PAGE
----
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Two days after World Health Organization cancer experts warned that electromagnetic fields generated by cellphones are "possibly carcinogenic to humans," the US telecoms giant's Ralph de la Vega said the data was not especially new.
"This is a serious issue," said De la Vega, chief executive of AT&T Mobility and Consumer Markets.
But "the WHO didn't do any new study," he added, saying their study was one year old.
"The industry should not have too much to worry about; nevertheless, we should continue to study" the issue, he said at the All Things Digital D9 conference in California.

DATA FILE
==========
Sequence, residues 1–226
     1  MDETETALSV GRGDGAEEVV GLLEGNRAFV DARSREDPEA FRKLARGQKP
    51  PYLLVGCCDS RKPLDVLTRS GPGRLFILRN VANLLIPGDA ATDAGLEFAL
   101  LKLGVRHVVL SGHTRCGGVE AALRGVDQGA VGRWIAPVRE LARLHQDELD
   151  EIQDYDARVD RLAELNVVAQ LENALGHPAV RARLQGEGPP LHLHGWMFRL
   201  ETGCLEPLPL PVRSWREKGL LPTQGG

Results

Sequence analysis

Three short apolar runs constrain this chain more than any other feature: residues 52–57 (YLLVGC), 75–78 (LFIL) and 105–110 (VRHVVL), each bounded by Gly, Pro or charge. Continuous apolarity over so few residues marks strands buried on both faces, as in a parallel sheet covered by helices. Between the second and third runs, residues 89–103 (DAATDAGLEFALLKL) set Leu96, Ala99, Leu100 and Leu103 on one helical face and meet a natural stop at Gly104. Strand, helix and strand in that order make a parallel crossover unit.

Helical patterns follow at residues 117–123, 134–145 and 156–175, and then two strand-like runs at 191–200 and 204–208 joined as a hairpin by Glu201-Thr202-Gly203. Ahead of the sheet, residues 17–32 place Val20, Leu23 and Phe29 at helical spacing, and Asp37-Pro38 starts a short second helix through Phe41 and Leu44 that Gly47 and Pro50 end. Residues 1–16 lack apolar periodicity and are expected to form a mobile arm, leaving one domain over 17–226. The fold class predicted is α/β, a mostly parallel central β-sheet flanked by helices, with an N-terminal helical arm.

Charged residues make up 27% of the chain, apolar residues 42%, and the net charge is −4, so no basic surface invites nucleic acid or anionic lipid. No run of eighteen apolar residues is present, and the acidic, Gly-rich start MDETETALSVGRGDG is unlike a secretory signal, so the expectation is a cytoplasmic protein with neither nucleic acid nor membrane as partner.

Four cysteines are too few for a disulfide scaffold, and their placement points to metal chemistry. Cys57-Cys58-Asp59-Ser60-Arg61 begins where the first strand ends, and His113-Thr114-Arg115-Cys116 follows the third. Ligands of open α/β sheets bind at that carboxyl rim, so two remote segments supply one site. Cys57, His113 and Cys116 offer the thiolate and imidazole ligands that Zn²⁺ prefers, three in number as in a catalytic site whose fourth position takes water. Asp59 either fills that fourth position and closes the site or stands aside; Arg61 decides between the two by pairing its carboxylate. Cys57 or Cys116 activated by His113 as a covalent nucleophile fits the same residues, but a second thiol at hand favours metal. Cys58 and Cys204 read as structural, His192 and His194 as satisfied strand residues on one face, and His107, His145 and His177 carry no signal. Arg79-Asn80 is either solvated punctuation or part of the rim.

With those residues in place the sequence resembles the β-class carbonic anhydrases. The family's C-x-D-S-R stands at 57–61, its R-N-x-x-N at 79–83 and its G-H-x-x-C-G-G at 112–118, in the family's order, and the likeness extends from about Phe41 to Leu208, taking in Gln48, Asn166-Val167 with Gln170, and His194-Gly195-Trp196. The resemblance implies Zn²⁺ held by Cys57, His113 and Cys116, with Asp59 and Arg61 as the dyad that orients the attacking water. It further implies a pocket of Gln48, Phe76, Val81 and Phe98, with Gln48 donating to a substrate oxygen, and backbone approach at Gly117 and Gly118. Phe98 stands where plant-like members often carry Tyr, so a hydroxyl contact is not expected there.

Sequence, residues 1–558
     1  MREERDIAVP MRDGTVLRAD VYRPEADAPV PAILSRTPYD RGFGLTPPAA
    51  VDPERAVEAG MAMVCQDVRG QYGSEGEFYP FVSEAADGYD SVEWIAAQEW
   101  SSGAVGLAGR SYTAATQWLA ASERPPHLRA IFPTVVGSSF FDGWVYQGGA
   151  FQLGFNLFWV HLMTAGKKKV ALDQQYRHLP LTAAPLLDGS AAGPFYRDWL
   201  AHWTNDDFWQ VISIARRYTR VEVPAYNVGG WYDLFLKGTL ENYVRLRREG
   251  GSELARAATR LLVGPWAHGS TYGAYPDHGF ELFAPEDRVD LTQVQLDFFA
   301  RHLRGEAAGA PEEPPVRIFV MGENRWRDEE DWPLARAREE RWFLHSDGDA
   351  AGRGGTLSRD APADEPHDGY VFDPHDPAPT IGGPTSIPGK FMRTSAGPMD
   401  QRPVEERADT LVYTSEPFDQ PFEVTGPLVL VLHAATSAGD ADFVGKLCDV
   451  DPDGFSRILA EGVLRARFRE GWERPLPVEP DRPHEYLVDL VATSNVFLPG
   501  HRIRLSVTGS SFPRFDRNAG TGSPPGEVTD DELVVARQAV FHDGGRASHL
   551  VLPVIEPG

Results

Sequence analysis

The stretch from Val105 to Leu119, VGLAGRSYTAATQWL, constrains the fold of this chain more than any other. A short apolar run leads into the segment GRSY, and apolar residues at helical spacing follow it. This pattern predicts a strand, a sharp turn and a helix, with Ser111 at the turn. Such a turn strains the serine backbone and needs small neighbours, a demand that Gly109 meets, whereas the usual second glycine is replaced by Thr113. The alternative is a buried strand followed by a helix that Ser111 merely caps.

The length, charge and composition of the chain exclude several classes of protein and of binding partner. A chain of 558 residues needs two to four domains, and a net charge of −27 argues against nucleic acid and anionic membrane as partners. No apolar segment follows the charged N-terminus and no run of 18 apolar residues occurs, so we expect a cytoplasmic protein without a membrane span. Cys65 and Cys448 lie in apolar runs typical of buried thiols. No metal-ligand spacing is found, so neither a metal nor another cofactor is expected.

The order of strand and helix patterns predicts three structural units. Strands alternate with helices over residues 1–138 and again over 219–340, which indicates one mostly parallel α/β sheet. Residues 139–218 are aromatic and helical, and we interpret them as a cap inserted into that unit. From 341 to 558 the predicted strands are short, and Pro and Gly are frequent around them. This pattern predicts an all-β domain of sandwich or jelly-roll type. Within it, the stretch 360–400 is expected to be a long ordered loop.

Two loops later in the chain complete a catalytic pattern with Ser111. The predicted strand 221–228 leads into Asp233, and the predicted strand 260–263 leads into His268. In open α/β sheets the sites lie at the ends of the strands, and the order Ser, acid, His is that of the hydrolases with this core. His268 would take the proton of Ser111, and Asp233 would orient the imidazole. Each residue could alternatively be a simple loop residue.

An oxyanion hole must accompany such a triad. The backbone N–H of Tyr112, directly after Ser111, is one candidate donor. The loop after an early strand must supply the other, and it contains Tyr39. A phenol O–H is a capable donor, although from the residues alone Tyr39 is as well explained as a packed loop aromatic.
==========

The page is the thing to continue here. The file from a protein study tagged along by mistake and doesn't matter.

Experts of the WHO's International Agency for Research on Cancer presented their evidence at a conference in Lyon, France on Tuesday that suggested mobile phone users may be at increased risk of glioma, a malignant type of brain cancer.
Although they cautioned that the scientific evidence showed only a possible link, not a proven one, they recommended the most intense phone users make use of texting and hands-free devices to reduce exposure to the dangerous fields.
"There is some evidence of increased risk of glioma" and another form of non-malignant tumor called acoustic neuroma, said IARC scientist Kurt Straif.
The global wireless industry group CTIA-The Wireless Association disputed the significance of the report, citing possible "bias" and "data flaws" in the studies.